Acta Scientific Agriculture

Editorial Volume 1 Issue 3

Organic Farming: Boon or Bane

Khursheed Ahmad Wani

Department of Environmental Science, ITM University Gwalior, India

*Corresponding Author: Dr.Khursheed Ahmad Wani, Department of Environmental Science, ITM University Gwalior, India.

Received: September 25, 2017; Published: September 26, 2017

Citation: Dr.Khursheed Ahmad Wani. “Organic Farming: Boon or Bane”. Acta Scientific Agriculture 1.3 (2017).


  The introduction of synthetic fertilizers and pesticides has bought drastic changes in the agricultural productivity and has boosted the economy among different sections of people. It has also caused beneficial changes in food security and decreased the incidences of different types of diseases that are supposed to be caused due to insufficient food among people all over the globe. However, this has damaged different ecosystems and has caused different health effects among people at the same time. Many of these diseases were not initially recognised by the scientific community and were not linked with contamination of pesticides. With due course time, a dozen of diseases were identified and were associated with different pesticides that may find their way into the human body via water and food and farming community may inhale traces of pesticides while spraying them in their orchids and fields. The process of eutrophication that is enhanced by synthetic fertilizers significantly damages the water bodies and most of them have vanished from the earth. Hence, a shift towards organic agriculture is seen a way to avert these disasters.

  Organic agriculture may not only reduce the burden of synthetic fertilizers and pesticides but may improve the quality of environment by and large. This may also enhance the entrepreneurship among different communities as well if diverted into a better direction. The new economic theory of development today is ‘Environmental-Economics’ which advocates for judicious balance between ‘economy and ecology’ in all developmental programs including agricultural development and combination of ‘economic development’ programs with ‘ecological conservation’ strategies to promote sustainable development. The cost of production of organic fertilizer is simply insignificant as compared to chemical fertilizers. Organic fertilizers can be produced from a ‘cheap raw material’ (community wastes including farm wastes) which is in plenty all over the world and is growing in quantity with the growing human population, the chemical fertilizers are obtained from ‘petroleum products’ which are not only very ‘costly raw materials’ but also a ‘vanishing resource’ on earth. While vermicompost can be produced ‘on farms’ by all farmers, big and small, the chemical fertilizers has to be produced in ‘factories’ at a high economic and environmental cost. This means organic fertilizers can be afforded by all farmers. In vermicompost, worms itself becomes an economically valuable products for the farmers to be sold to fishery, poultry, dairy and pharmaceutical industries.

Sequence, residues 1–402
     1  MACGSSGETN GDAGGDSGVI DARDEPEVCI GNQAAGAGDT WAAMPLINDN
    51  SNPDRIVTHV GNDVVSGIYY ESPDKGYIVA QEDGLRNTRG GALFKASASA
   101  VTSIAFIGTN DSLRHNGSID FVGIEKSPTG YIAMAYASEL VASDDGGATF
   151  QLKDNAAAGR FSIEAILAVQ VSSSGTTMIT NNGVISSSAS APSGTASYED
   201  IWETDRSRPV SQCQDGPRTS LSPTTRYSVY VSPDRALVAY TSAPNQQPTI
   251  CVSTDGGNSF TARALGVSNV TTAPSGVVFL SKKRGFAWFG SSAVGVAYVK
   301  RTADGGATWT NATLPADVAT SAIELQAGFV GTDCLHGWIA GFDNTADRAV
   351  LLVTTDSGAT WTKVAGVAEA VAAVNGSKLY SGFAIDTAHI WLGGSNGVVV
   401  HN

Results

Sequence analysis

The prospects of organic farming are attractive and healthy but the bottle necks in this sector are hindering the process and need to be removed by healthy policies and strategies. The different organisations have recognised some bottlenecks in this sector Viz., Centralized agency that will meet and cater the needs of consumers, No systematic and coherent policy for the overall development in the area, week and political biased polices without uniform standards for organic inputs, The adulteration of organic products due to insufficient standards and clarifications with poor labelling and certification system. Further, lack of willingness on the part of key trading partners to sign equivalence arrangements without proper organic supply chain mostly in far flung areas, hilly, and tribal areas. The promotion of organic farming requires setting of short term and long term targets taking into account sustainable development goals and agricultural practices. The improvement of soil quality and ensuring food safety and consumer health on which organic farming rests is the need of hour. It will be very fruitful to provide subsidies to compensate farmers for yield losses during the conversion period from conventional to organic farming and promotion of organic clusters and agri-zones from which global buyers can source of organic produce. In short, the key to successful organic farming resides in continuing to develop the scientific and engineering work and simultaneously in explaining and justifying the valid reasons which allow scientists and engineers to actually use these technologies for the welfare and safety of a public which is more and more concerned about the environment and its protection. The shift towards organic farming should not be “so rapid and so slow” that it will hit both sides of the development but must be in equilibrium with the race.

Copyright: © 2017 Dr.Khursheed Ahmad Wani. This is an open-access article distributed under the terms of the Creative Commons Attribution License, which permits unrestricted use, distribution, and reproduction in any medium, provided the original author and source are credited.



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